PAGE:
Upon further inspection…

25 08 2008

After I took the photo in the previous posting, I started watering the backyard garden. In the area that I call “The Scary Tomato Jungle,” there is a free-for-all fight for space among:

— now-defunct lettuce plant remnants (Can you do some weeding, Cindy? Seriously.)
— several don’t-produce-enough-to-warrant-keeping strawberry plants we hauled back from Sequim, Washington on vacation a few years ago
— a very complacent hollyhock plant that just won’t put out
— an ill-placed butterfly bush (but it was only $5). When the books tell you to leave 8 feet x 8 feet of space for a butterfly bush, don’t question their authority. Learn from my (four—count ’em) experiences.
— a thumbergia vine

And…gasp! Pole bean plants I forgot I had planted (refer to photo for proof). When I went to water The Scary Tomato Jungle, I came across one lone bean. And then another. And so on and so on. Beneath these forgotten beans were more grape tomatoes. (Oooh, I get to use another pretty plate for this photo!)

Sigh. So much for the posting below on today’s “meager harvest.”

What did we learn in class today? We learned that maybe a butterfly bush, two vines, two pole bean plants, two red tomato plants, two grape tomato plants, one yellow tomato plant, two strawberry plants, one hollyhock and eight different kinds of lettuce might be a tad too much for a 3 foot x 20 foot bed. Ya think?

© Cindy Dyer. All right reserved.

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Tomatoes, nasturtiums, herbs and Alzheimer’s

25 08 2008

Hey, I finally found a use for all those plates I’ve collected throughout the years. Photo props!

This is my meager—but no less lovely—edible harvest from this morning. And yes, the Nasturtium flowers are edible, too. These rapidly growing annuals are easy to grow from seed, like full sun to partial shade, come in an array of colors (yellow, orange, pink, red, butter yellow, cream, and mahogany), and have a peppery taste. There are climbing and trailing types available. Nasturtiums are also called Scottish flamethrower or Indian cress. Both the lotus-leaf-like leaves and flowers are edible.

Read this funny and informative post titled, “Nasturtium: The Flower Growing Under False Pretenses,” on Hanna’s This Garden is Illegal blog.

You’ll find growing tips and recipes for Nasturtiums here and here. I cheated this year and bought my tiny seedlings from DeBaggio’s Herb Farm and Nursery in Chantilly, VA. Yes, sometimes I am not a patient gardener! My also-gardening-crazy friend, Karen, introduced me to this family-owned nursery several years ago. We buy most of our herbs and heirloom tomato plants there. (They sell 100 varieties of tomatoes!)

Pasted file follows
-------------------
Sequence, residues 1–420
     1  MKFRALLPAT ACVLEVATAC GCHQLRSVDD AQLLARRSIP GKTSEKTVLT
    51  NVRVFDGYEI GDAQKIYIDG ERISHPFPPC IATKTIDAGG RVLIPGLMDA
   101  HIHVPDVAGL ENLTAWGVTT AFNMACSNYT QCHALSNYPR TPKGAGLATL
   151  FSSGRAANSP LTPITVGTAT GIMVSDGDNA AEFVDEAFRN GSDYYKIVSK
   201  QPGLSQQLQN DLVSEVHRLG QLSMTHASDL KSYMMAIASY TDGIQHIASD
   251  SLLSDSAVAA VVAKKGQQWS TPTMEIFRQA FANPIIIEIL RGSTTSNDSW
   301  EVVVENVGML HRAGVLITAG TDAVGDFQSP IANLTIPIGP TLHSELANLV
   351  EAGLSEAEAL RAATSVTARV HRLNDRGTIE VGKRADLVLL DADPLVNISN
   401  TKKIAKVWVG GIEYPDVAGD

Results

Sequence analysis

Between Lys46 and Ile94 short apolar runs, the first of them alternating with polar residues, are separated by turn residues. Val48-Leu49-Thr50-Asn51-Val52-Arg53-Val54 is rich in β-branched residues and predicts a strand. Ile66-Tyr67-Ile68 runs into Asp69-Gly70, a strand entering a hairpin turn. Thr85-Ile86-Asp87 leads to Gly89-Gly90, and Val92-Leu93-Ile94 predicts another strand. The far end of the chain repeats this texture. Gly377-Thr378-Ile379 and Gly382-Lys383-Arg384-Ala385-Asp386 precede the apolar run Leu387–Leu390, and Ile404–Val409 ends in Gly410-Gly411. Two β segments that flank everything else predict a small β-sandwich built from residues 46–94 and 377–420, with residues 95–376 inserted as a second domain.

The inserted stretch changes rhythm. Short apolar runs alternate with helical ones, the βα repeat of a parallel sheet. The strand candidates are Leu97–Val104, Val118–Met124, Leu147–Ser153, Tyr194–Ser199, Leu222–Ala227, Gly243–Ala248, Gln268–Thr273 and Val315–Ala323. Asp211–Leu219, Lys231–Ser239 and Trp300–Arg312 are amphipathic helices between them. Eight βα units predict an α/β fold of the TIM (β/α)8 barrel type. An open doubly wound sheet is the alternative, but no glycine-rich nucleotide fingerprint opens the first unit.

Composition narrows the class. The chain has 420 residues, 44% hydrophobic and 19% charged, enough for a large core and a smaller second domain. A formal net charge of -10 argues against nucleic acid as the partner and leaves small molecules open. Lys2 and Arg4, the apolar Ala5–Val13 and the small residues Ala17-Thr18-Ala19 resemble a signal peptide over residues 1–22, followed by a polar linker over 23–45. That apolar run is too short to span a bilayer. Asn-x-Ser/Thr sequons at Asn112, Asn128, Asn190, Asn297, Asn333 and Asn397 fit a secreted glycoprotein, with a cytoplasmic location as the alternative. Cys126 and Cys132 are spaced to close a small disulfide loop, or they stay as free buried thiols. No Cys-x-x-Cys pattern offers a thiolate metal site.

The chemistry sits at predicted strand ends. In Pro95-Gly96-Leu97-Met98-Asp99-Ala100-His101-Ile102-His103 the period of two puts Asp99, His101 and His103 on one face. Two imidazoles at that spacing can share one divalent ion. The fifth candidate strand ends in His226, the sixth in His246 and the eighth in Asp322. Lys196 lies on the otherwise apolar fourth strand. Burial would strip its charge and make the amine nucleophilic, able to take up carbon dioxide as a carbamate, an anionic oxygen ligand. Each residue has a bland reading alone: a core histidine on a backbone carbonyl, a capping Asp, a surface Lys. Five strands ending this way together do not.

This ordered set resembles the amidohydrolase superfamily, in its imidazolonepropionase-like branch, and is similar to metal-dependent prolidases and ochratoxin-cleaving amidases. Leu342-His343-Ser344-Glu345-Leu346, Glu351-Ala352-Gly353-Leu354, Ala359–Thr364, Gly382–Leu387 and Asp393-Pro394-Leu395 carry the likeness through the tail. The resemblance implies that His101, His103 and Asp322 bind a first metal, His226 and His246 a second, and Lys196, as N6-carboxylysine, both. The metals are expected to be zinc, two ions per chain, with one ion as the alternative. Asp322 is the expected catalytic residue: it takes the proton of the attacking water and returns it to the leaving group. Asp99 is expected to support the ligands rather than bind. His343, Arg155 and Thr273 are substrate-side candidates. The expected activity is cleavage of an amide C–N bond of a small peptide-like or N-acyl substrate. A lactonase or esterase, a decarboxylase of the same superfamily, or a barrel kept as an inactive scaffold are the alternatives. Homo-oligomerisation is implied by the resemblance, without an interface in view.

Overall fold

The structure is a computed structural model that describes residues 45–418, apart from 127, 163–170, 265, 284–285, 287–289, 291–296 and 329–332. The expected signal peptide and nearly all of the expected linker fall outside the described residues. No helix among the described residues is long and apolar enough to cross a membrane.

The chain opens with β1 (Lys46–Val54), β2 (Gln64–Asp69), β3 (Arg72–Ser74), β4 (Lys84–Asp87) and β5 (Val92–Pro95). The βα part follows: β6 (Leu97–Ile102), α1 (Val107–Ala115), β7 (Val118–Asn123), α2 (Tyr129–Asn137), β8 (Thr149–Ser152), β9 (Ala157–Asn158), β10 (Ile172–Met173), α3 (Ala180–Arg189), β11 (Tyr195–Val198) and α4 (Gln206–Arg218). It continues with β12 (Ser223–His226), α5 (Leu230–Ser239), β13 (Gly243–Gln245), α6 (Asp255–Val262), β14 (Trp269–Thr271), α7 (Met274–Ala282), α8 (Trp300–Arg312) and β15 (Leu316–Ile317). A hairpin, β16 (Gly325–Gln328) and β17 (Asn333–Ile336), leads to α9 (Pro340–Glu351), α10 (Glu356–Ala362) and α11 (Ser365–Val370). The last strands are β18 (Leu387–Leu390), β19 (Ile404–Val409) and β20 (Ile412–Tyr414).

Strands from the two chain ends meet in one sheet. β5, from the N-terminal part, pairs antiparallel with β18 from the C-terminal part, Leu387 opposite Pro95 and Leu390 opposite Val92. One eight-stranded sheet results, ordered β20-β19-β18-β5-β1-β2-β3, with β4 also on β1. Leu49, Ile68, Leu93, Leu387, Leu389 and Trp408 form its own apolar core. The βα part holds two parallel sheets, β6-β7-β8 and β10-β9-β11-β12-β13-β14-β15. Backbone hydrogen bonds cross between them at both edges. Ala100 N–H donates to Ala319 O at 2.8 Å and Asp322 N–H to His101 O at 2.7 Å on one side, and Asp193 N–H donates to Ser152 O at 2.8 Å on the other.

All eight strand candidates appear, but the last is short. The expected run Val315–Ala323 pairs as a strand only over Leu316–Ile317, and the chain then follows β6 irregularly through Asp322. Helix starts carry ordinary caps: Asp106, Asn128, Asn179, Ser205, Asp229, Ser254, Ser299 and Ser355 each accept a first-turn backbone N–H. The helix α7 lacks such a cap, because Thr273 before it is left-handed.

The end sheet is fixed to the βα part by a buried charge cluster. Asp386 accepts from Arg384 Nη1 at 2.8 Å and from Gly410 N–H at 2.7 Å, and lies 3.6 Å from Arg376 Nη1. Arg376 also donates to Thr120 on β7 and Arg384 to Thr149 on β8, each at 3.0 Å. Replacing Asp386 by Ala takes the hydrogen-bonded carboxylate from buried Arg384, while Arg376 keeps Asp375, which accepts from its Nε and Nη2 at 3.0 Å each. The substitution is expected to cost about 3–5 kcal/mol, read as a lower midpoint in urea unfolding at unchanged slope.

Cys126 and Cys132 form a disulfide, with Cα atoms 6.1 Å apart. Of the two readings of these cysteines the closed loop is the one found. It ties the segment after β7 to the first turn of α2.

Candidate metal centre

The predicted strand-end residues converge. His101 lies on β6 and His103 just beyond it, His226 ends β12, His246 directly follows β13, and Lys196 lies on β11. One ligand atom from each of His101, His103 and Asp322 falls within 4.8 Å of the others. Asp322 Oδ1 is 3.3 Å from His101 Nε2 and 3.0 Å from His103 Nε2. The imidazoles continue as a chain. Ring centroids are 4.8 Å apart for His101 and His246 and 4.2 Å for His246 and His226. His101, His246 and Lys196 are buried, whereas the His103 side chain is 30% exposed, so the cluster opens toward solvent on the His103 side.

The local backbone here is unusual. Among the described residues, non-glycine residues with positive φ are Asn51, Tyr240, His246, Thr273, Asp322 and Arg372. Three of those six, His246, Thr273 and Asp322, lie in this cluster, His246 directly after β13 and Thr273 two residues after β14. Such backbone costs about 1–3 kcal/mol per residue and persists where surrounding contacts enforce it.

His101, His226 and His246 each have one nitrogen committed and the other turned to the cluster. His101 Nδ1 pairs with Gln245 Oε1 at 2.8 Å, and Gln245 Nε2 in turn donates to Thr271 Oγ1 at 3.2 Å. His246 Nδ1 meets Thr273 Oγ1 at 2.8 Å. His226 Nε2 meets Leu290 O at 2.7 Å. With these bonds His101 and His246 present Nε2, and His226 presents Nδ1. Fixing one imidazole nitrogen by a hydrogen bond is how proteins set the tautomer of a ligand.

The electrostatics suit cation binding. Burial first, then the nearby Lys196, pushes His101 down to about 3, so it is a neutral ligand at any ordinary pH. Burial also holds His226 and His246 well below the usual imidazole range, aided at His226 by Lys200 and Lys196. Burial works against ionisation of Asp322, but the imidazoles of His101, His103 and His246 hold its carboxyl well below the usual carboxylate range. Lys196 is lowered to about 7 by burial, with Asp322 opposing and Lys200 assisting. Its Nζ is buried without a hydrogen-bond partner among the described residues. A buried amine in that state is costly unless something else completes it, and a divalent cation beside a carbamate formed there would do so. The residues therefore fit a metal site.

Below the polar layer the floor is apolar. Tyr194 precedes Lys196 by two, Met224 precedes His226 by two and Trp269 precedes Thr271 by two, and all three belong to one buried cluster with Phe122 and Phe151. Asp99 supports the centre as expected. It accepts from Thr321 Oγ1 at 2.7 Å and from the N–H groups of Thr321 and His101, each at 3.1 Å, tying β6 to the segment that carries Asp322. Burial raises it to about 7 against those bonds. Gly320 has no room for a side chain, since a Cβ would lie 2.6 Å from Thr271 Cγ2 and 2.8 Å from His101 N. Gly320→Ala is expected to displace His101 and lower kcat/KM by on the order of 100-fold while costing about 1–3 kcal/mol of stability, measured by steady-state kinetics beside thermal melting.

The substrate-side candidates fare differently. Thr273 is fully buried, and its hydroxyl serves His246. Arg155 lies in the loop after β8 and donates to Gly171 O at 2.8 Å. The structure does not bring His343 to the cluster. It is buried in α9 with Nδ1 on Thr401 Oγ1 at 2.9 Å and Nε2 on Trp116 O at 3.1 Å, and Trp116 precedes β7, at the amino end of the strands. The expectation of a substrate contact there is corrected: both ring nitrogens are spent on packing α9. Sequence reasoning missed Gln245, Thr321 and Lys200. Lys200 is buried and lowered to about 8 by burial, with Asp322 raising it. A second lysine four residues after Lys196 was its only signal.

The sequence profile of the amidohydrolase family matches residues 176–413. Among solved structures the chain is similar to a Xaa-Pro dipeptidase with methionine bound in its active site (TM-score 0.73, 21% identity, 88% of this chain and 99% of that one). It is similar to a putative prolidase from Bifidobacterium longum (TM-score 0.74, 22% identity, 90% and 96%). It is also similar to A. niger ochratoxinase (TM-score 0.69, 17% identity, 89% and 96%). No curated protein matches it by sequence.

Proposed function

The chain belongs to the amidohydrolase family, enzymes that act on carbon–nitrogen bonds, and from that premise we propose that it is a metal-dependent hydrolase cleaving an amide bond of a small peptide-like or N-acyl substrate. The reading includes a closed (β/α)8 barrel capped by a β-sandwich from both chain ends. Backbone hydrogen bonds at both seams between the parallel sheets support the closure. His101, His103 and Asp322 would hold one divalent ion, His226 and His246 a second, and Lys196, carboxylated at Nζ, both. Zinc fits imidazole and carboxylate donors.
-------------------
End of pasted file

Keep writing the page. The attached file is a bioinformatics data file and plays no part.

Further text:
Time for the serious stuff…
In 1975 Tom and Joyce DeBaggio started their family business selling home-propagated herb and vegetables from their backyard in Arlington. Author of several herb books (all of which I own—duh, no big surprise), Tom was diagnosed with early-onset Alzheimer’s disease in 1999 at the age of 57. NPR interviewed DeBaggio on their All Things Considered program in May 2005 here and April 2007 here. The Alzheimer’s Research Forum wrote about the NPR Audio Interviews in May 2007.

I read his first book, Losing My Mind, published in 2003 by The Free Press/Simon & Schuster, Inc., after my father shared his observations about conversations with one of my uncles, who had been diagnosed with Alzheimer’s. My father said most of my uncle’s waking hours were spent in the past…in his early years…as a teenager….as a young man…repeating the same story over and over. My uncle passed away a few years ago.

DeBaggio’s follow-up book, When It Gets Dark: An Enlightened Reflection on Life with Alzheimer’s, was also published in 2003. Both of these books, as well as his excellent herb books, are available online here. His son, Francesco, now runs the family business.

A review of Losing My Mind from Publishers Weekly:
“I have a clear sense of history, I just don’t know whether it is mine,” writes DeBaggio in this moving and unusual memoir. The author, who has previously written about his gardening business (Growing Herbs from Seed, Cutting and Root), documents his mental deterioration from Alzheimer’s. Diagnosed with the disease in 1999 at the age of 57, DeBaggio undertook this project in order to increase awareness of this devastating illness from a patient’s point of view. He describes how his gradual loss of memory has impacted his life. For example, after he became confused about how to get to his niece’s house, he realized he had to give up driving a car. The increased loss of language has been extremely difficult for a man who once worked as a journalist and a freelance writer. Interspersed throughout the narrative are DeBaggio’s recollections of his childhood events that may soon be lost to him. He also describes the disease’s negative effect on his wife and grown son. Although DeBaggio provides information on the medical advances that are being made to treat this disease, it is clear that a breakthrough will come too late for him. With this rare first-person account, DeBaggio has made a significant contribution to literature on an illness that currently affects four million Americans.

Photo © Cindy Dyer. All rights reserved.





My morning harvest

21 08 2008

© Cindy Dyer. All rights reserved.





Now that’s more like it!

11 08 2008

Over the past three days, I have picked 47 grape tomatoes from my garden. Now that is a harvest by townhouse garden standards! I photographed them in this beautiful ceramic bowl my friend Carmen gave me a few years ago. I also picked five more of the yellow tomatoes shown in this posting (a very meager harvest that day) and this posting.

© Cindy Dyer. All rights reserved.